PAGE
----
The matrix metal may be purchased commercially in any of a number of forms such as ingot, billet, pig, and the like, and is melted in a suitable furnace as described below for purposes of infiltration of the tow, also described below.
Referring now to
As best seen in
As tow 21 passes through individual apertures 26 in a single creel payout board 24 or through a multiplicity of apertures 26 in a plurality of payout boards 24, the individual tows are aligned in the direction of infiltration section 14.
Before actual entry into infiltration section 14, however, tow fibers 21 pass through a condenser board 28 having a series of apertures 30 (see
Entrance roller 34 preferably comprises a lightweight roller of conventional design but with free rolling high-temperature bearings. Entrance roller 34 serves to flatten and redirect tow bundle 32 as it approaches the entry to infiltration section 14 that begins with entrance tube 36.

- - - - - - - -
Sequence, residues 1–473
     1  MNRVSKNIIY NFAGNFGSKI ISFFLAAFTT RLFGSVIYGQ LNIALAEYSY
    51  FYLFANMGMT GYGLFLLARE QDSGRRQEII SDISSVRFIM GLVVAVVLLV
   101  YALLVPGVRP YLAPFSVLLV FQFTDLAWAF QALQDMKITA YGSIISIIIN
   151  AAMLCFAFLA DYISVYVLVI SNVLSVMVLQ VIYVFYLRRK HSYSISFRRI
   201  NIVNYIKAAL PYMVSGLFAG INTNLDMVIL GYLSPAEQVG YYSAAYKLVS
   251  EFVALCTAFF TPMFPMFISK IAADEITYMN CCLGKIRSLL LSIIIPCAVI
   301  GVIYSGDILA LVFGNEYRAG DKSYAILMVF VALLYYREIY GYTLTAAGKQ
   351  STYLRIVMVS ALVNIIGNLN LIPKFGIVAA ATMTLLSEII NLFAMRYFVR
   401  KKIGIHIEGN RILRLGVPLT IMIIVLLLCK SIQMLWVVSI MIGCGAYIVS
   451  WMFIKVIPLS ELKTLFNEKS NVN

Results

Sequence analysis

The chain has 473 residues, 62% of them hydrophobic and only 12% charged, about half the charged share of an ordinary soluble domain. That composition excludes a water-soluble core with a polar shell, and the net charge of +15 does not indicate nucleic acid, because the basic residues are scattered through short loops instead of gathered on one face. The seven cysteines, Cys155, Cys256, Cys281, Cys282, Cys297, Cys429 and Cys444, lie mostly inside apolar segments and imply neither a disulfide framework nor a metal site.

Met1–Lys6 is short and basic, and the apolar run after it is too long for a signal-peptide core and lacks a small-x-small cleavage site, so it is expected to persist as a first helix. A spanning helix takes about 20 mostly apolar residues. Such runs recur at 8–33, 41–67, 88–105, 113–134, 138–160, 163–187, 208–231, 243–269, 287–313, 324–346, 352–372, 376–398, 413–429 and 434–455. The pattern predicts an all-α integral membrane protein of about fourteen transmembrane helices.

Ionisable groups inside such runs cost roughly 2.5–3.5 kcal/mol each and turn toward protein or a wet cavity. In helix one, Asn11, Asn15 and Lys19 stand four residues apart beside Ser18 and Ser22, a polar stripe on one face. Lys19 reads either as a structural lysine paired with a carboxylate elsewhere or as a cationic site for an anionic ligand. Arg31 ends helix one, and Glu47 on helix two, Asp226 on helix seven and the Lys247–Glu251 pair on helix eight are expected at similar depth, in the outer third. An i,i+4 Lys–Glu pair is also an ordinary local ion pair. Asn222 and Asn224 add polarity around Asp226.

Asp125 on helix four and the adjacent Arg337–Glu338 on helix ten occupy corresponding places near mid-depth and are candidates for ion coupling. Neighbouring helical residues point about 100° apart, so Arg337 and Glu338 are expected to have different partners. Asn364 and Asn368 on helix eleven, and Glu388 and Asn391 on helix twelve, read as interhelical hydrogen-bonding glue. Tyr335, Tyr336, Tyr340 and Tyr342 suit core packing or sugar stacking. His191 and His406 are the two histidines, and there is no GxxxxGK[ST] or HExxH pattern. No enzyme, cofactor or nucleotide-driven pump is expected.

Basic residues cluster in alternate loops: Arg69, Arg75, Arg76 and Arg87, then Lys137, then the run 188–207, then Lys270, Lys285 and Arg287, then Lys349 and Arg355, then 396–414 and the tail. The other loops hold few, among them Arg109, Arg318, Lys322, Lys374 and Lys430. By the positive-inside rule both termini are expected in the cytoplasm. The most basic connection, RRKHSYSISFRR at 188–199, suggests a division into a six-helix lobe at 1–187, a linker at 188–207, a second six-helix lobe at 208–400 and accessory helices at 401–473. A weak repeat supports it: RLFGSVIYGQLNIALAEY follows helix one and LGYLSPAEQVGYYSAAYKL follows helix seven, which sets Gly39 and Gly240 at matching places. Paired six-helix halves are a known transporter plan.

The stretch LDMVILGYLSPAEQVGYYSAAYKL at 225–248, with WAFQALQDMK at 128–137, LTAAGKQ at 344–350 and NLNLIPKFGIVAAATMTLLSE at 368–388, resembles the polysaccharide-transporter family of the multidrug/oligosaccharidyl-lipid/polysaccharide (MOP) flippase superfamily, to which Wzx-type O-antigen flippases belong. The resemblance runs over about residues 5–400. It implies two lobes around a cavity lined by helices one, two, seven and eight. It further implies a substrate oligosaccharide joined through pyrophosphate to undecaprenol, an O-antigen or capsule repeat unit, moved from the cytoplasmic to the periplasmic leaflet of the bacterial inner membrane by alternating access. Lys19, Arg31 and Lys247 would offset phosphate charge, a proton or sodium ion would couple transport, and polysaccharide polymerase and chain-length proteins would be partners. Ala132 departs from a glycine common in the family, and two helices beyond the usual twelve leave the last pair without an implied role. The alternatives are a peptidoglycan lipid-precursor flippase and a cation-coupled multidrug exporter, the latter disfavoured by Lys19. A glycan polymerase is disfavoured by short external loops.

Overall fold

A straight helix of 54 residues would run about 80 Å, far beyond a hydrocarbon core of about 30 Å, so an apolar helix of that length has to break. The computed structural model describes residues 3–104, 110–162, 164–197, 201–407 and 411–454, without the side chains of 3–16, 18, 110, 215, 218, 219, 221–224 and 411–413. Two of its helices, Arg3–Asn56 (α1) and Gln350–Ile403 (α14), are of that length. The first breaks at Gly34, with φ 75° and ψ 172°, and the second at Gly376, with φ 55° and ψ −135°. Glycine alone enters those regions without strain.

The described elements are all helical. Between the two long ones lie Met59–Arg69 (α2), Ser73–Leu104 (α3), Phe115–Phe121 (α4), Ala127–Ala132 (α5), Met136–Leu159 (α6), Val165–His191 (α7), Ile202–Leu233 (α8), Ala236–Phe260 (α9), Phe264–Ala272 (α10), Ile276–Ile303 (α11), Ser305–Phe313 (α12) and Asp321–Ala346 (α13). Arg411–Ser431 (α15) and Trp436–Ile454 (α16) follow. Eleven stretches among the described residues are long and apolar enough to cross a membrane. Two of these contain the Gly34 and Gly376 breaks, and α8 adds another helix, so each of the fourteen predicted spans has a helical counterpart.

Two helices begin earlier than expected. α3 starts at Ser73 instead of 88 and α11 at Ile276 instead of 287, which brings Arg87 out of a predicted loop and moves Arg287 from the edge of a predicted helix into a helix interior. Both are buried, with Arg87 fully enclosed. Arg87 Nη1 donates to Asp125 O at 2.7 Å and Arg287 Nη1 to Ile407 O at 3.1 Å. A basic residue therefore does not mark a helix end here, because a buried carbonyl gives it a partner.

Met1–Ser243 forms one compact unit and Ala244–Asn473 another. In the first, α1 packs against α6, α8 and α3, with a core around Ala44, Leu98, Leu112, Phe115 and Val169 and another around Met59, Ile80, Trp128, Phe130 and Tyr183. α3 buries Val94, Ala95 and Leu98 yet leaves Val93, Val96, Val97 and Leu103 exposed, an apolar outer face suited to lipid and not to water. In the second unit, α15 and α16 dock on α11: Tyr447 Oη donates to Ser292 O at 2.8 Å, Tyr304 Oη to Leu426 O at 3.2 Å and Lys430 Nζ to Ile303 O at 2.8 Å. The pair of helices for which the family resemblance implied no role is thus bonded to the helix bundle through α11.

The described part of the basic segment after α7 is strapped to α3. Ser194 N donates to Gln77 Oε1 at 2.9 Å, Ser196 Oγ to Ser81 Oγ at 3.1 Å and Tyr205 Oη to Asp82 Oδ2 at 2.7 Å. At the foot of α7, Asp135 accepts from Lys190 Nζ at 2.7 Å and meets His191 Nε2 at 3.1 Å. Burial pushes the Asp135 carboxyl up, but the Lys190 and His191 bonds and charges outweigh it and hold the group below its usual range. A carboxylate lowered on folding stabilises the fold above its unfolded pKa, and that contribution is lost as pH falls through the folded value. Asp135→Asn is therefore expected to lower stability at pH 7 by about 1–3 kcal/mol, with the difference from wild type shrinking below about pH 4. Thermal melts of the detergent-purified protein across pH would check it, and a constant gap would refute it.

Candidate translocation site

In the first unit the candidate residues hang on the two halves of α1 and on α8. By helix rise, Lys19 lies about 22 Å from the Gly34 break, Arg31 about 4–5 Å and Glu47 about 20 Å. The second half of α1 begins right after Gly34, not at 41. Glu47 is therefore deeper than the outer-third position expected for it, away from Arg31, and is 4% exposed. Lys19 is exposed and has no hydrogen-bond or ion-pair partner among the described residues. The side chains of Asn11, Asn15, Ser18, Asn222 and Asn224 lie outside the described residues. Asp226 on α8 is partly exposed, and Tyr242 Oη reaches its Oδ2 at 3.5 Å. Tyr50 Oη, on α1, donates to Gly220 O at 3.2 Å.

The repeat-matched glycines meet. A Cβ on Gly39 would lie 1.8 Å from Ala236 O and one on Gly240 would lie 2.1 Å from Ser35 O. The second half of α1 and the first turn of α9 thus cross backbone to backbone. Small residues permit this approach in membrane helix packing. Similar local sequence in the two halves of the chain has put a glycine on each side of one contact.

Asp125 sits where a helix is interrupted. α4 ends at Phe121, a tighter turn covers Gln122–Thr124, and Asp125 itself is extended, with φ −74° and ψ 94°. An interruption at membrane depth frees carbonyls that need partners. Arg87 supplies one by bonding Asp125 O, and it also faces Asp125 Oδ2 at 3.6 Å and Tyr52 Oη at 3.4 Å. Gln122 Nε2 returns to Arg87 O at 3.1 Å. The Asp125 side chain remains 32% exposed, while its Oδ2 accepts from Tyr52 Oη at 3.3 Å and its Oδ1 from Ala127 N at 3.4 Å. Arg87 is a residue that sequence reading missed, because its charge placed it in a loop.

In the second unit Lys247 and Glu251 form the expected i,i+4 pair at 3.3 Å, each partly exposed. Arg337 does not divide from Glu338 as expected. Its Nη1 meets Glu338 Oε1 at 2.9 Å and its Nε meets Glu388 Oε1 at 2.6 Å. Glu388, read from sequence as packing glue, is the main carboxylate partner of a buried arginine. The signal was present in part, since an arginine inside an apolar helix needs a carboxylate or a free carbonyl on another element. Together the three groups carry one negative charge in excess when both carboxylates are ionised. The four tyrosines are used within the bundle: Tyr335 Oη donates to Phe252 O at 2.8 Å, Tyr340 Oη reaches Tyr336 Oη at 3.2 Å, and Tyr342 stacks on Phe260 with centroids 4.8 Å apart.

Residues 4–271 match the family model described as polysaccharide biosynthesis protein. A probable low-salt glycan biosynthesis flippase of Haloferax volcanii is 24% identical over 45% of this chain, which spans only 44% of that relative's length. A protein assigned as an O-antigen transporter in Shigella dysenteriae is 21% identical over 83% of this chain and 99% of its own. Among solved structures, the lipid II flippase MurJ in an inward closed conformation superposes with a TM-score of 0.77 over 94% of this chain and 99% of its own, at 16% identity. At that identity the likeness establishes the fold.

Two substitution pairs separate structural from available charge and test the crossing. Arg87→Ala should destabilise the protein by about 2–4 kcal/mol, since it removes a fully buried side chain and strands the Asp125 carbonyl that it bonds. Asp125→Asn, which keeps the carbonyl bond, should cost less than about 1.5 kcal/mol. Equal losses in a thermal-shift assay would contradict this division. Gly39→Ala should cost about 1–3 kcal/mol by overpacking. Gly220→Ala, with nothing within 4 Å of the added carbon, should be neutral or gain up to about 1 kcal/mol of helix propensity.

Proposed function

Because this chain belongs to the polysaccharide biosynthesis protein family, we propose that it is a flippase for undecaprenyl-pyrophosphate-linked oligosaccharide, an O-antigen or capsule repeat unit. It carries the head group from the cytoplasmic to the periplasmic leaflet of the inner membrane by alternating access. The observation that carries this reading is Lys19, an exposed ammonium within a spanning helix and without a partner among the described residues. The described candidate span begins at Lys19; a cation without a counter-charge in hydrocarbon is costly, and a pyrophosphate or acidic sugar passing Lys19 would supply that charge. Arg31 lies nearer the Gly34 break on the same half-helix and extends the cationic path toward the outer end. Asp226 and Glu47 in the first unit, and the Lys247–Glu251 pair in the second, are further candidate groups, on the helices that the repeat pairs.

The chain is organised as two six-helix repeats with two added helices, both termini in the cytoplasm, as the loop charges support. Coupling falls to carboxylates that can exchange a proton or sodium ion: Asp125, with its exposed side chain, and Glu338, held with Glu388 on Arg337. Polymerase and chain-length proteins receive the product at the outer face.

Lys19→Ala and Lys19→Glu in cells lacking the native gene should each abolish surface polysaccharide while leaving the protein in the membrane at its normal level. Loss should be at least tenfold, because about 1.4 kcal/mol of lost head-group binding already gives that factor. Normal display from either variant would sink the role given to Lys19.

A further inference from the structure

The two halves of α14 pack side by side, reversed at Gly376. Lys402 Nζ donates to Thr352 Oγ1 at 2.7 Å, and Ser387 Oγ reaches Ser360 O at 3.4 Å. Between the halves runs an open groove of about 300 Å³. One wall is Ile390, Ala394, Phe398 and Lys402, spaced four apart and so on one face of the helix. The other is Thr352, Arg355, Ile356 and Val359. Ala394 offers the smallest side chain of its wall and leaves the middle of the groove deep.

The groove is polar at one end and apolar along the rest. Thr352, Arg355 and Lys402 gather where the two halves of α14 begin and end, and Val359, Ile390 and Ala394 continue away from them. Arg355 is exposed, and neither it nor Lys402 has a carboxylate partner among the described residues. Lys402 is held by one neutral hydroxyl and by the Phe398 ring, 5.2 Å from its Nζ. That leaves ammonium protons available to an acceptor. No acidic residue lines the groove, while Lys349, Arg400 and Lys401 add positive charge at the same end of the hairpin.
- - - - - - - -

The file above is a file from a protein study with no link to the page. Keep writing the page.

Infiltration section 14 comprises two parts: 1) a furnace 38 having a molten metal well 40 and 2) a preferably moveable operating section 42 best seen in
Ultrasonic processor 46 further comprises a cooling chamber 50 for the upper portion of the ultrasonic waveguide 52 and transducer 54. Cooling chamber 50 is preferably double walled and with a continuous gas purge therethrough. Cooling chamber 50 extends the life of transducer 54 and maintains the temperature and hence the acoustic impedance of the ultrasonic processor consistent. This control is very important for reducing process variability. A screw drive 58 is provided for raising and lowering, i.e. adjusting the locations of ultrasonic processor 46 and entrance tube 36 in metal bath 43 or for withdrawing this piece of equipment when not in use to prevent damage thereto by accident or extended and unnecessary exposure to the high temperature conditions and the erosive effects of molten metal. Ultrasonic waveguide 52 may be fabricated from any number of materials, such as titanium and niobium, however, the use of niobium is particularly preferred as it is highly resistant to the action of, for example, molten aluminum. An ultrasonic waveguide that operates in the range of about 20 kHz and a power output of about 1500 Watts have proven satisfactory in the production of a metal matrix composite tape or ribbon.